ISLAMABAD: Chief Justice of Pakistan (CJP) Justice Asif Saeed Khosa on Tuesday observed that there was obscurity in anti-terrorism law, which needed to be defined in detail.
A seven-member larger Supreme Court bench headed by the CJP reserved its judgment in a case pertaining to the definition of ‘terrorism’.
The CJP observed that criminal cases had also been included into the category of terrorist acts. Attacks on political gatherings also fell into the category of terrorist acts according to the anti-terrorism law. Whether there was a category of undemocratic political processions, he asked. He remarked that creating a sense of insecurity among the masses deliberately also came under the definition of terrorism.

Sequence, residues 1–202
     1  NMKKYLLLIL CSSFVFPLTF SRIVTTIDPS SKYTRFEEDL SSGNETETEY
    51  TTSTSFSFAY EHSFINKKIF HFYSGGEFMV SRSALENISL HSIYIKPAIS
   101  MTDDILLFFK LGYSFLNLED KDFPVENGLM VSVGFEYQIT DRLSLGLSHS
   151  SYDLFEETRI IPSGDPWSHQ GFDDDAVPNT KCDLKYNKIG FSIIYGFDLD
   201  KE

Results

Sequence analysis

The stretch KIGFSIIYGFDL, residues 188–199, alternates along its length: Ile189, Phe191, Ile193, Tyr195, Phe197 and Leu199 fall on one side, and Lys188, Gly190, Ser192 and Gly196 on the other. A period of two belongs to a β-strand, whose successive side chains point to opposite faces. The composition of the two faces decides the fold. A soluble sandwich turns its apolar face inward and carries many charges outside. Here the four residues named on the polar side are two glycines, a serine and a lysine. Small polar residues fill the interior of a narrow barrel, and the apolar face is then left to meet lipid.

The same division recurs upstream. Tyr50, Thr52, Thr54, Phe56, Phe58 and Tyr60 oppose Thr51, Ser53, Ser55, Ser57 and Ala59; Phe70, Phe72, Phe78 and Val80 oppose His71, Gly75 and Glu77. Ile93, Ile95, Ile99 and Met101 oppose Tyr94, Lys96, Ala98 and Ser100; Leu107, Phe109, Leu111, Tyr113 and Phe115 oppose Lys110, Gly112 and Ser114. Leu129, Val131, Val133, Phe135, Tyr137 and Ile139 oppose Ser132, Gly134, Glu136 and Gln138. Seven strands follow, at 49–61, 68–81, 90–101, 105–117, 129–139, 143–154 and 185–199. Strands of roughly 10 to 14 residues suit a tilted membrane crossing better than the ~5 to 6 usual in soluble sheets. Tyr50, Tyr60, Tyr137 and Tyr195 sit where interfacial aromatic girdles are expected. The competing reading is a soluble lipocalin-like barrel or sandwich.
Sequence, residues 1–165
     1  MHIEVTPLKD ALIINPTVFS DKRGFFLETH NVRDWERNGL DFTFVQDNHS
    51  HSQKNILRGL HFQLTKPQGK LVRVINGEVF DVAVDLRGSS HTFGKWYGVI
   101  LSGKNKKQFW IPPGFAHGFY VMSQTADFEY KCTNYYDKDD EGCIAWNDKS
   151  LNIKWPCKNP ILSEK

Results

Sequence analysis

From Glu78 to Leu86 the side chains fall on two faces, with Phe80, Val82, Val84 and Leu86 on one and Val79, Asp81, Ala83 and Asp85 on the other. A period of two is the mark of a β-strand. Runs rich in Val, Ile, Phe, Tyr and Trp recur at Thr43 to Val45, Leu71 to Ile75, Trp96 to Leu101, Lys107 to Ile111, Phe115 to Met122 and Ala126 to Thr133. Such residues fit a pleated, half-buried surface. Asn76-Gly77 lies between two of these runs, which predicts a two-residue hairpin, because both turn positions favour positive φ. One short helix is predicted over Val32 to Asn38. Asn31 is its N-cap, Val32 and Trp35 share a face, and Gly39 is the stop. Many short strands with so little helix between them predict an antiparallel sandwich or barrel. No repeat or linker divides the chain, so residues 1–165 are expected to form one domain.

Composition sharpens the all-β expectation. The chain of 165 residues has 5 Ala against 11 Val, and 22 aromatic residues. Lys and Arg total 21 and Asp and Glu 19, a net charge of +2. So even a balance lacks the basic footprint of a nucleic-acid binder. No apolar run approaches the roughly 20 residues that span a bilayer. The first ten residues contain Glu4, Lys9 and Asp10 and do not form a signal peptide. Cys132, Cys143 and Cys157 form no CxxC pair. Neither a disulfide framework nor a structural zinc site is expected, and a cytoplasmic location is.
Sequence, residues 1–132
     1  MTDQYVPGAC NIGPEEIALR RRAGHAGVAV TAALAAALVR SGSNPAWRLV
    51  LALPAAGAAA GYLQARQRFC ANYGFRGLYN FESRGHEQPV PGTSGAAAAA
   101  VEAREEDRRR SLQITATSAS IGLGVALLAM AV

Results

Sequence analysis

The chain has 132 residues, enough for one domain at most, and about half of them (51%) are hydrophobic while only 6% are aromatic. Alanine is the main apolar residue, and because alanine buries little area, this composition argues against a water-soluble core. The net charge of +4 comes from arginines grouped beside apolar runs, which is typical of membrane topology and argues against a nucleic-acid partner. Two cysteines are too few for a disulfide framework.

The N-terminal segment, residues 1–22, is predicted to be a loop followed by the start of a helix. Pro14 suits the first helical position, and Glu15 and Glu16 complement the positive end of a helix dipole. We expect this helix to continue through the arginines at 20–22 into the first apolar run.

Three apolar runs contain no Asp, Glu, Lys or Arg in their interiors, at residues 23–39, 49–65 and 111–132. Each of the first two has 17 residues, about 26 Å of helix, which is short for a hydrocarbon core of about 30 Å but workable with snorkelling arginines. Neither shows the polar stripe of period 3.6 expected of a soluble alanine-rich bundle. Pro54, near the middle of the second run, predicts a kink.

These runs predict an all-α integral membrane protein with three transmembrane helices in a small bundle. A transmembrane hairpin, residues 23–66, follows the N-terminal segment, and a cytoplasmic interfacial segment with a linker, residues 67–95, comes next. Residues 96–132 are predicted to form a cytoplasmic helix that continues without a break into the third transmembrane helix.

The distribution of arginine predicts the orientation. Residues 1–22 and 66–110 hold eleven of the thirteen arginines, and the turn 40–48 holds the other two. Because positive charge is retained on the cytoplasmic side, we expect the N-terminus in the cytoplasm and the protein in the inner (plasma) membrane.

The CJP observed that even the United Nations (UN) and the United States of America also could not define an act of terrorism so far. There seemed to be psychological matter as any criminal incident surfaced through media was shifted to teh anti-terrorism courts or military courts, he added.
The CJP said every criminal act did not fall into the category of terror act. It was the government’s responsibility to control police for checking crimes, he added.
The bench later reserved its judgment.